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Poetry

Books Celebrating African Heritage

in Features/Fiction/History/Nonfiction/Poetry/Web exclusives by

“I live my life a person of African descent 24/7, 365.”

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Origin Story: George Elliott Clarke (Part 2)

in Columns/Origin Stories/Web exclusives by

“Voices started to shout, ‘Preach it!’ ‘Testify!’ ‘You’re home now!’”

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DUPLICITY, from George Elliott Clarke’s Gold

in Excerpts/Poetry by

My double visage suits my double tongue—

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Origin Story: George Elliott Clarke (Part I of 2)

in Columns/Origin Stories/Web exclusives by

“That summer — 1975 — I started to write songs. I wrote four songs a day and I did that for two or three years.”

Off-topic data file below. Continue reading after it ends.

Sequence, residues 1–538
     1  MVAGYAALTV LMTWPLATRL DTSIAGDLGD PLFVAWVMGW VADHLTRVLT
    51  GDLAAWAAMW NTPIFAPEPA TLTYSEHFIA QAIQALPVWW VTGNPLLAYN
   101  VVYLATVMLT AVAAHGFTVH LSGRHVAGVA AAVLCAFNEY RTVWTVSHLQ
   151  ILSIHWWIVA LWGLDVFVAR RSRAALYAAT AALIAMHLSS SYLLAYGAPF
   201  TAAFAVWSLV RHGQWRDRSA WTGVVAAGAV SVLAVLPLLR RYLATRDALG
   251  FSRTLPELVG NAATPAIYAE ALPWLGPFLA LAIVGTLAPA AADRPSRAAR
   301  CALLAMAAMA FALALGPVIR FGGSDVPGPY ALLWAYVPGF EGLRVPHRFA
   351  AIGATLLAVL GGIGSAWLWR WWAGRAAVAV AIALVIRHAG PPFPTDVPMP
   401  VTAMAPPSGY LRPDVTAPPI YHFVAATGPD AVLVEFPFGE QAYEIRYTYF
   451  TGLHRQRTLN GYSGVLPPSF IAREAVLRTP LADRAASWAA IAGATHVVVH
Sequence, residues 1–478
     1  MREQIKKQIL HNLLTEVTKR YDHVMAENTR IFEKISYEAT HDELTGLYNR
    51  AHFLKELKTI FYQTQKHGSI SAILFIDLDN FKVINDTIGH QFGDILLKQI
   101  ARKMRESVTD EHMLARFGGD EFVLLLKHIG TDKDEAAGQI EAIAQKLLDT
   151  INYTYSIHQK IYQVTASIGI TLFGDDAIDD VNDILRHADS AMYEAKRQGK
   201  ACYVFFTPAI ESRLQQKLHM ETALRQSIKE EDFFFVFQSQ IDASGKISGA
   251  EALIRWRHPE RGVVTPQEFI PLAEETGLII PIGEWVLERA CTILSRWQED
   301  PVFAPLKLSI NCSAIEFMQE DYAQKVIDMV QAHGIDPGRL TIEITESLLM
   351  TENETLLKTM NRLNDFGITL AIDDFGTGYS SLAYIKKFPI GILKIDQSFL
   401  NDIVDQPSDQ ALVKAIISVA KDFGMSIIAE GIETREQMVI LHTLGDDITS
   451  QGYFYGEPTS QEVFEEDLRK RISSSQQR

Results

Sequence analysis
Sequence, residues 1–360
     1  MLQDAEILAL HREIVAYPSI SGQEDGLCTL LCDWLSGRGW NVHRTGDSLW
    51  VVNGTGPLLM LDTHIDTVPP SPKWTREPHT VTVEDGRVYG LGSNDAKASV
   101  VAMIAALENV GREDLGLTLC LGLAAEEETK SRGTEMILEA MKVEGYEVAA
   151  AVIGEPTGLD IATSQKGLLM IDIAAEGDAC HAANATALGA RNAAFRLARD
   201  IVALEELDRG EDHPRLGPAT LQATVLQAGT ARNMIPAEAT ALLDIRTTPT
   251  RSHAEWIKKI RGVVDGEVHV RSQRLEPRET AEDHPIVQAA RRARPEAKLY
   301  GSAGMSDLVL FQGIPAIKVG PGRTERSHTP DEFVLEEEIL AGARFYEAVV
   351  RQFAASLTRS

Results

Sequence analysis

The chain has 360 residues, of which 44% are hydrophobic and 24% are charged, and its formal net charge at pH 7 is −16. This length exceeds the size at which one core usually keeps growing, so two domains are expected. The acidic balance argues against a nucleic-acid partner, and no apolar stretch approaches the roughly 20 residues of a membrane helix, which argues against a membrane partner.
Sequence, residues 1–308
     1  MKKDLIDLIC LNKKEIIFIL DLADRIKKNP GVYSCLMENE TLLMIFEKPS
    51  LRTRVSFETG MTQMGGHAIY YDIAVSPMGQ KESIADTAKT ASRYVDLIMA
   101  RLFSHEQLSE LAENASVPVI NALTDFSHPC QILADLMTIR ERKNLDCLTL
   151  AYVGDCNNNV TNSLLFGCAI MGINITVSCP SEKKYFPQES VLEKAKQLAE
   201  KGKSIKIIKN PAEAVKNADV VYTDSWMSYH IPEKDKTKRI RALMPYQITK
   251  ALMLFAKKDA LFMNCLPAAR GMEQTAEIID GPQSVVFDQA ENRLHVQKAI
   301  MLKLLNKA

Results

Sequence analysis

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LOCAL SUITE from The Witch of the Inner Wood

in #82 Winter 2016/Excerpts/Poetry by

Nearsighted, the moose swam toward us.
Halfway across it saw us, blinked, and turned around.

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The Many Hues of George Elliott Clarke

in #82 Winter 2016/Features/Poetry by

Henceforth, no one in Canada may pretend that white settler poetry is somehow “neutral” or unmarked, or that our colonial history may be simply resumed in a tale of two founding nations.

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Leviathan: A Poetic Kaleidoscope of Strange Manly Roles

in Poetry/Reviews by

One has the sense of entering into a poetry kaleidoscope, where images cycle and shift with the author’s own triggered associations; as he enters the same manly roles his father modelled, the whole male dynamic swirls into varied imagery, emotions, commentary, memories.

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